NC has 7th-highest number of young immigrants in deferral program

Updated: Sep. 5, 2017 at 12:50 PM EDT
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CHARLOTTE, NC (Bruce Henderson/The Charlotte Observer) - North Carolina has the nation's seventh-highest number of young, undocumented immigrants granted deferrals from deportation under a policy that President Donald Trump said Tuesday he will end.

Federal data updated in March shows that 27,385 North Carolina residents have had their applications approved under the Deferred Action for Childhood Arrivals that the Obama administration put in place in 2012.

The Migration Policy Institute, a Washington, D.C., think tank, estimates that more than twice as many North Carolina residents – 66,000 – are potentially eligible for DACA deferrals. Of those, 41,000 are eligible immediately, it said.

The program allows people who came to the United States as children and meet several guidelines, such as a lack of criminal records, could seek deferred removal action for two years. The term is renewable and lets those who qualify legally work.

Trump administration officials said the government will no longer accept new applicants to the program and called on Congress to replace it during an unspecified "wind down period." Applicants who are currently approved won't be immediately affected, according to The New York Times.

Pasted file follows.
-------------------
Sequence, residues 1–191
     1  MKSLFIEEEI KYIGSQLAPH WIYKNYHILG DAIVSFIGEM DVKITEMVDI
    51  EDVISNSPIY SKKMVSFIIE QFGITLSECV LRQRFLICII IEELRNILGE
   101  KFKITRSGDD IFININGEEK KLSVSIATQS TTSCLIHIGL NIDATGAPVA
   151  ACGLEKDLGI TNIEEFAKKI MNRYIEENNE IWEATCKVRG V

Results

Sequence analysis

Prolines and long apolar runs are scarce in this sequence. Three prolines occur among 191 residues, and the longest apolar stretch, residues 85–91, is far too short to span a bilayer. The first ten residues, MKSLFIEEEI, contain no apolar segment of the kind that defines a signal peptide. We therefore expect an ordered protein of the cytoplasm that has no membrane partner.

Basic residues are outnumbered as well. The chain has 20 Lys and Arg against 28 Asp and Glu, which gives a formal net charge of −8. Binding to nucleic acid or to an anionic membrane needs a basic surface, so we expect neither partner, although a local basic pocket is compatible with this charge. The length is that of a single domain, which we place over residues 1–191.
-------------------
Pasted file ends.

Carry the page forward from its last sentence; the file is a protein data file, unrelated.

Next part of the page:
Sen. Thom Tillis, a Mecklenburg County Republican, said Tuesday he will introduce legislation in the next week "that will provide a fair and rigorous path for undocumented children to earn legal status by requiring them to be employed, pursue higher education or serve in our Armed Forces. I know this kind of commonsense legislative fix can and should unite members of Congress, and I'll be working closely with my colleagues on the path forward."

California and Texas lead the nation in deferrals, which have been granted to more than 787,000 young "dreamers" nationwide.

Immigrant-rights group quickly condemned Trump's action.

"In North Carolina, tens of thousands of our friends and neighbors have used DACA to contribute to the economy, get an education, and invest in the only home they know," Irena Como, a staff attorney for the American Civil Liberties Union of North Carolina, said in a statement. "Today the federal government has turned its back on these young people who came out of the shadows and worked hard to build their lives here."

U.S. Rep. Robert Pittenger, a Charlotte Republican, said Trump was right in asking Congress to review DACA.

"We must not facilitate ongoing subterfuge of strong immigration policy in any consideration of DACA," Pittenger said in a statement. "We must secure our border, eliminate sanctuary cities, and end efforts to shield illegal immigrants from the rule of law."